Staining cells using NxMBD proteins

Attached mouse fibroblasts were permeabilized for 2 min on ice in 0.2% Triton X-100 in PBS and fixed 15 min at room temperature in 4% paraformaldehyde in PBS. The cells were incubated with purified recombinant NxMBD protein diluted in PBS/10% goat serum for 2 h, washed and fixed again for 15 min with 4% paraformaldehyde in PBS. The NxMBD protein was detected by incubation with first anti-HA antibody (1:500, F-7, Santa Cruz), then Alexa-594 coupled anti-mouse antibody (1:1000, Molecular probes). The cells were counterstained with DAPI and mounted in Vectashield (Vector). The cells were examined using a DeltaVision deconvolution microscope with SoftWorx software. Metaphase spreads were obtained from mouse fibroblasts arrested 2 h with 0.1 µg/ml colcimid. Trypsinized cells were swollen 10 min in 75 mM KCl, and adjusted to 0.1% Tween-20 before spinning 20 000 cells on to slides [cytospin 3 (Shandon), 800 r.p.m., 4 min]. After air drying, the slides were equilibrated with KCM buffer (10 mM Tris–HCl, pH 8, 120 mM KCl, 20 mM NaCl, 0.5 mM EDTA and 0.1% Triton X-100) before incubating with purified recombinant NxMBD protein diluted in KCM plus 10% goat serum for 1–2 h. After washing, the cells were fixed in 3% formaldehyde in KCM. The NxMBD protein was detected by incubation with first anti-HA antibody (1:500, F-7, Santa Cruz), then Alexa-594 coupled anti-mouse antibody (1:1000, Molecular probes). The slides were fixed in 3% formaldehyde in KCM followed by counterstaining and mounting in Vectashield with DAPI (Vector). The chromosomes were examined as above.


Multimerization of MBDs increases their affinity for methylated DNA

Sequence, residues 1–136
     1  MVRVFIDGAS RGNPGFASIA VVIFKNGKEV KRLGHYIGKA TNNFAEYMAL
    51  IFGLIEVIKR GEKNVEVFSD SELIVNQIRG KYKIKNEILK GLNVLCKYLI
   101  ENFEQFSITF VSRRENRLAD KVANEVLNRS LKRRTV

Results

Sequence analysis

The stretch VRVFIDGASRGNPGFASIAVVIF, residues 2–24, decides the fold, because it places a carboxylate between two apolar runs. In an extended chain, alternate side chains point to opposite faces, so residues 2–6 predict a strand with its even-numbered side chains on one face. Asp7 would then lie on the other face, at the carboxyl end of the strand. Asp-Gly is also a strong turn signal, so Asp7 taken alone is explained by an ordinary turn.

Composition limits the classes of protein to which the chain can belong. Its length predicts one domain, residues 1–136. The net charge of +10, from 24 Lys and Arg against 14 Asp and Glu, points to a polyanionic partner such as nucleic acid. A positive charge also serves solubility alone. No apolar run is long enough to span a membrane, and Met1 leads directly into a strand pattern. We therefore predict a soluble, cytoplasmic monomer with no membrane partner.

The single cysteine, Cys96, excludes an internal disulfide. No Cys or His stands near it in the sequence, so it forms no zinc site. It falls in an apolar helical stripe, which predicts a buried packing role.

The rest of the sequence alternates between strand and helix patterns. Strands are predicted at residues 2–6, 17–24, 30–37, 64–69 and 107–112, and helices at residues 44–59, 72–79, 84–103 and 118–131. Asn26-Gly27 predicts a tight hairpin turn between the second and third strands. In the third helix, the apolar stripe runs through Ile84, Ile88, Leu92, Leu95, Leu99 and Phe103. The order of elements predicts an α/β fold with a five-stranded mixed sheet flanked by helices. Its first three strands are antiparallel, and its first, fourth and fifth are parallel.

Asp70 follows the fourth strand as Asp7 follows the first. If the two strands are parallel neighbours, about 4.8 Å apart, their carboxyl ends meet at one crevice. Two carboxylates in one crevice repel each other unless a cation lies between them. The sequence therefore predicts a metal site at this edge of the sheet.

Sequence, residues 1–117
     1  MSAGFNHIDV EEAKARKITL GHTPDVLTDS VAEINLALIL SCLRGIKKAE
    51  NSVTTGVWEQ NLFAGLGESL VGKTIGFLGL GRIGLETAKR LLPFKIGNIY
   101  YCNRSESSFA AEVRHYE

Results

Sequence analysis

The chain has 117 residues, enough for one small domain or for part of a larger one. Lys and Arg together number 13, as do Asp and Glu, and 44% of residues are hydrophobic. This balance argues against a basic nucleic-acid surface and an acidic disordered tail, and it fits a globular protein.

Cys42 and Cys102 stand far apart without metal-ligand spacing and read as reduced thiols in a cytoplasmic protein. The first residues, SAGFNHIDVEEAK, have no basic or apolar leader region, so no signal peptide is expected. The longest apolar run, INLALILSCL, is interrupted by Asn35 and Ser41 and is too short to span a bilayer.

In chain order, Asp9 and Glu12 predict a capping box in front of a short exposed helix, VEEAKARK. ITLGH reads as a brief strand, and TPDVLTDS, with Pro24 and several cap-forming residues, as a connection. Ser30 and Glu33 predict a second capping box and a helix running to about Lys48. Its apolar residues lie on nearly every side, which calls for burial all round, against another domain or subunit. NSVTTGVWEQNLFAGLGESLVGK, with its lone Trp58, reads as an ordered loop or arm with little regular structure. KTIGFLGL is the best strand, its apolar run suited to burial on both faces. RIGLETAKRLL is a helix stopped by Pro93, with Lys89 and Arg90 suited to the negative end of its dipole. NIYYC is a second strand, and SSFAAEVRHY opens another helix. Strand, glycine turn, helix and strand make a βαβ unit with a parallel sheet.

To create a high-affinity methyl-CpG-binding protein, we chose the MBD of Mbd1 as it is well characterized biochemically and structurally and is known to recognize a single methylated CpG (1,23). Moreover, the transcriptional repression domain and the recently identified DNA-binding CXXC domain of Mbd1 could be easily excluded from the construct as both map to regions distant from the MBD (17,24). To increase the binding affinity, multiple copies of the MBD were linked together, connected by flexible linker peptides, to generate ‘NxMBD’ polypeptides, where N is the number of MBDs. Increased binding of a poly-MBD protein to a methylated DNA molecule is expected for two reasons. (i) Each protein molecule has a higher concentration of DNA-binding sites than does a single MBD and, therefore, the probability of a stable interaction resulting from a DNA–protein collision is increased. Also, when a complex dissociates, the local concentration of MBDs is higher than for one MBD, favouring rebinding. (ii) The poly-MBD can interact with several sites on a DNA molecule with multiple mCpGs, thereby increasing the stability of the complex. Multimerization of a DNA-binding domain has previously been shown to create a high-affinity multi-AT-hook protein (25). In addition, the poly-MBD protein included an N-terminal NLS and was equipped with a C-terminal HA-tag for detection purposes (Figure 1A). Negative control proteins in which each MBD carried the R22A point mutation that disrupts DNA binding (23) were created in parallel (NxMBD–R22A).